California is the first state to offer 150,000 undocumented immigrants $500 in financial relief during coronavirus pandemic
- California Governor Gavin Newsom announced an initiative to provide undocumented workers affected by the coronavirus pandemic financial support.
- Roughly 150,000 undocumented workers could get $500 in support.
- Applications open next month, and the process will be handled by local non-profits not the government directly.
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Undocumented immigrants in California impacted by the coronavirus pandemic will receive some financial aid, Gov. Gavin Newsom announced on Wednesday.
Around 150,000 undocumented adults in the state will receive $500 from California's $75 million Disaster Relief Fund, according to a statement from the governor. There will be a $1,000 cap for each household, and people can begin applying for the aid next month.
This makes California the first state to impose a measure offering financial support to undocumented workers.
According to the Public Policy Institute of California, the state had at least 2.3 million undocumented immigrants in 2014.
The state received more than $2.5 billion in local and states taxes last year from 10% of the state's workforce that are undocumented, according to the Associated Press.
The measure is meant to fill the gap for undocumented workers who did not qualify for the $1,200 stimulus check part of the $2 trillion relief bill known as the CARES Act that Congress passed in March.
"California is the most diverse state in the nation. Our diversity makes us stronger and more resilient. Every Californian, including our undocumented neighbors and friends, should know that California is here to support them during this crisis. We are all in this together," Newsom said in the letter.
The money will be given to "regional nonprofits with expertise and experience serving undocumented communities," according to the statement.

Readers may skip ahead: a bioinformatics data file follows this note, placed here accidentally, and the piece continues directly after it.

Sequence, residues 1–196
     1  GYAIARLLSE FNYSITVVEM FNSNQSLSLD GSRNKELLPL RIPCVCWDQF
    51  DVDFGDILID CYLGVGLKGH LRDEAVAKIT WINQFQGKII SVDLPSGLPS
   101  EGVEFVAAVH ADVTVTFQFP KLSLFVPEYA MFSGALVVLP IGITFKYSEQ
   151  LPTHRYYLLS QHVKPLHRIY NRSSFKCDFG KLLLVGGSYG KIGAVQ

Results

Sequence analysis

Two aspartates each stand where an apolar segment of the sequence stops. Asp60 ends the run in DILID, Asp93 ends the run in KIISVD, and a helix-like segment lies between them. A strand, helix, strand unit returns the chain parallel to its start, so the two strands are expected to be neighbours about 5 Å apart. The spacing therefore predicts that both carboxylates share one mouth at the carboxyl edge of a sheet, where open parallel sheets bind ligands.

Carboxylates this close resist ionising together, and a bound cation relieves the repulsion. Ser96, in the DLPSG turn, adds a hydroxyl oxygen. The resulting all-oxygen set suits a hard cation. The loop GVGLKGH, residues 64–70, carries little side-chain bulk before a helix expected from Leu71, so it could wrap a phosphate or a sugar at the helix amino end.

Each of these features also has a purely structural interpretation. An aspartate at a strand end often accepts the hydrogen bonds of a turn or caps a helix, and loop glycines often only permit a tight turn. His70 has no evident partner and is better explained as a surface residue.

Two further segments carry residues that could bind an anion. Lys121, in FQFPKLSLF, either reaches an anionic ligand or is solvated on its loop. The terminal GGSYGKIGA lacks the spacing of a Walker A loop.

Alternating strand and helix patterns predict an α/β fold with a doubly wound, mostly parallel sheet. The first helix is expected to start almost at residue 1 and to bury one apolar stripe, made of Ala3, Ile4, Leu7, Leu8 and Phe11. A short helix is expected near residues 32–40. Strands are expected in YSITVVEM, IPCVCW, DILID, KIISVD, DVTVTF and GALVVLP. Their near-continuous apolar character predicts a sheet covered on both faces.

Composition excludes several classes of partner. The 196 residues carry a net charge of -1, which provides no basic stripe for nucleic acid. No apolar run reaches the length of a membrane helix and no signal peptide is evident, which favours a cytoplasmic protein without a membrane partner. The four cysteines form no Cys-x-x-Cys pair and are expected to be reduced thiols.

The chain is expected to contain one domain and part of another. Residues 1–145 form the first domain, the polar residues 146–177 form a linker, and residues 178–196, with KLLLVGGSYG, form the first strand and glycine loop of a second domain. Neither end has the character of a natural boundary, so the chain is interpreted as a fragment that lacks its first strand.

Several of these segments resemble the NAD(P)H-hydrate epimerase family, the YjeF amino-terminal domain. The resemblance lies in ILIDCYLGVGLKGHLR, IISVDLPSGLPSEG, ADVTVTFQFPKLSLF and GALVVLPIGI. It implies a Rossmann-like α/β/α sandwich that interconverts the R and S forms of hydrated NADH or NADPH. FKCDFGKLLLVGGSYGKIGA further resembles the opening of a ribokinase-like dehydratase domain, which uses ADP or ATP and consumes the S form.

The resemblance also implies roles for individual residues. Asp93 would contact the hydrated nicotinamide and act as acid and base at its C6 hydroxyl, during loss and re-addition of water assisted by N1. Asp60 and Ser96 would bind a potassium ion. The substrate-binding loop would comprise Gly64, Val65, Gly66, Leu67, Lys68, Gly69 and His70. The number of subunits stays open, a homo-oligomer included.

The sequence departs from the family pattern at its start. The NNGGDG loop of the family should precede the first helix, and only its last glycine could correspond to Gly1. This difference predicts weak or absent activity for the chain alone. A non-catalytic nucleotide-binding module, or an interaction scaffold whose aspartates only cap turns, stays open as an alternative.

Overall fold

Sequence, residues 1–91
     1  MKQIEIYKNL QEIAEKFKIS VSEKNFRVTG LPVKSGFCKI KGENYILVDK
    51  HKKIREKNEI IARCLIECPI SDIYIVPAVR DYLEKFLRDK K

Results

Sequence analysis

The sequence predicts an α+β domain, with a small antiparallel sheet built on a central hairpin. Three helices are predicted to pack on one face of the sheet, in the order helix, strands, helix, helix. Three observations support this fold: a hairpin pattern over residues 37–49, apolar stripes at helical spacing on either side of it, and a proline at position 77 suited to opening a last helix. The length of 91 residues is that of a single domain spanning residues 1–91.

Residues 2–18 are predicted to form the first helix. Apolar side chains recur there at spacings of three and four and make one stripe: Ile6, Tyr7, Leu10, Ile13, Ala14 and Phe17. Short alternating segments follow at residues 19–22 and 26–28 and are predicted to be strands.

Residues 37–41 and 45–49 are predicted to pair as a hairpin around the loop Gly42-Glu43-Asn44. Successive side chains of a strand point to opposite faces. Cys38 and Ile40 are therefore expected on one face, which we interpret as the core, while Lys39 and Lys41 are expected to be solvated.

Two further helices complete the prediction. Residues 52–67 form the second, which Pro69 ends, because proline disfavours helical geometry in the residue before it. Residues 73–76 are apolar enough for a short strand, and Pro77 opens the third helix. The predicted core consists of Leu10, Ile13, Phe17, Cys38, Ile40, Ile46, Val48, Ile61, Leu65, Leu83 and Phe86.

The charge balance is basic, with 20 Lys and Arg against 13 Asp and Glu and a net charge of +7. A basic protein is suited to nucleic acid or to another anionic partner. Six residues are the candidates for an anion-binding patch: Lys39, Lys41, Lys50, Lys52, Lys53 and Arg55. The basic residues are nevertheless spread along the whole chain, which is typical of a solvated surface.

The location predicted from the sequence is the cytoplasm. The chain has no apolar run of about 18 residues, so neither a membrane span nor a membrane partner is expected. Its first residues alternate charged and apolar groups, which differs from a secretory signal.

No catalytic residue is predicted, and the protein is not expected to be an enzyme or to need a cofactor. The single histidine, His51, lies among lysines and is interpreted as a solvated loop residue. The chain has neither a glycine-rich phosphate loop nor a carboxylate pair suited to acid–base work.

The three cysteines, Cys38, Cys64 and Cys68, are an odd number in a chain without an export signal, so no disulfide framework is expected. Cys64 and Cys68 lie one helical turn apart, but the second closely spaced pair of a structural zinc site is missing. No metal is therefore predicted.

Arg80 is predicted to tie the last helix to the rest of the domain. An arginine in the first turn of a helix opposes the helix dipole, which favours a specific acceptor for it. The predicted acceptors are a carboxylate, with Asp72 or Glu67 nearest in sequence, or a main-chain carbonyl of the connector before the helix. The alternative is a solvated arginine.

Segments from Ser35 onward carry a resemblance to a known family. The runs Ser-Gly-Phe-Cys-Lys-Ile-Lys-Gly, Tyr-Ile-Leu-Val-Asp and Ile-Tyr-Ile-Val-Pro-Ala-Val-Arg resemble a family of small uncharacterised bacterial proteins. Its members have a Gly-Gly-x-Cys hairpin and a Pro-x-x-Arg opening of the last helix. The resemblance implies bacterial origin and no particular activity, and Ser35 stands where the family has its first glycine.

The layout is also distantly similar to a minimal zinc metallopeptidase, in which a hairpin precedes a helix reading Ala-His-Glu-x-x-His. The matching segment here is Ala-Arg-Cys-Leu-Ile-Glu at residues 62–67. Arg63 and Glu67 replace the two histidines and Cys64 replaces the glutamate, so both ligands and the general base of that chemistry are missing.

Advocates told the AP, that undocumented workers are unlikely to seek assistance from the government over fears that they could be deported.
Beyond the $75 million in the Disaster Relief Fund, organizations in the Grantmakers Concerned with Immigrants and Refugees (GCIR) network have pledged to raise $50 million to financially support the families of undocumented immigrants directly "through the California Immigrant Resilience Fund, with initial lead investments of $5.5 million from Emerson Collective, Blue Shield of California Foundation, The California Endowment, The James Irvine Foundation, Chan Zuckerberg Initiative and an anonymous donor."
"You need to use organizations that have trusted relationships with these families," Jacqueline Martinez, CEO of the Latino Community Foundation told the AP.
According to the AP, the additional funds gathered could help an additional 100,000 people, and they are likely to be less restrictive meaning a person can get more or less than $500 depending on their area's cost of living.
"We want this to be as equitable as possible and benefit as many people as possible," Daranee Petsod, president of Grantmakers Concerned with Immigrants and Refugees, told the AP.
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